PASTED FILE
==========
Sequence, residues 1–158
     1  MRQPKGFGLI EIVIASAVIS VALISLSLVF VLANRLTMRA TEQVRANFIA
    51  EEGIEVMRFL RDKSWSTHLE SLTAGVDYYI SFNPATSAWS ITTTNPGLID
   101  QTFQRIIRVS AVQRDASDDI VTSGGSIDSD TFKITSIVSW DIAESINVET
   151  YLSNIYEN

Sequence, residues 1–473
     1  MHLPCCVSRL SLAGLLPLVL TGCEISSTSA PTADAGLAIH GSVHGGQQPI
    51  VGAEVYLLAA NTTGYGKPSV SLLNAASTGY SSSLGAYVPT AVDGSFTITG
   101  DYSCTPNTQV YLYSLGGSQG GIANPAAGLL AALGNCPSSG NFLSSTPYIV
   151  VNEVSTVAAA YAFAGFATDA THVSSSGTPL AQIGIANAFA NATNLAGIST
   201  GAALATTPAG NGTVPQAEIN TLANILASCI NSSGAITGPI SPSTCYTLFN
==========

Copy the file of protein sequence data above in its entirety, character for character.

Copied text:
Sequence, residues 1–158
     1  MRQPKGFGLI EIVIASAVIS VALISLSLVF VLANRLTMRA TEQVRANFIA
    51  EEGIEVMRFL RDKSWSTHLE SLTAGVDYYI SFNPATSAWS ITTTNPGLID
   101  QTFQRIIRVS AVQRDASDDI VTSGGSIDSD TFKITSIVSW DIAESINVET
   151  YLSNIYEN

Sequence, residues 1–473
     1  MHLPCCVSRL SLAGLLPLVL TGCEISSTSA PTADAGLAIH GSVHGGQQPI
    51  VGAEVYLLAA NTTGYGKPSV SLLNAASTGY SSSLGAYVPT AVDGSFTITG
   101  DYSCTPNTQV YLYSLGGSQG GIANPAAGLL AALGNCPSSG NFLSSTPYIV
   151  VNEVSTVAAA YAFAGFATDA THVSSSGTPL AQIGIANAFA NATNLAGIST
   201  GAALATTPAG NGTVPQAEIN TLANILASCI NSSGAITGPI SPSTCYTLFN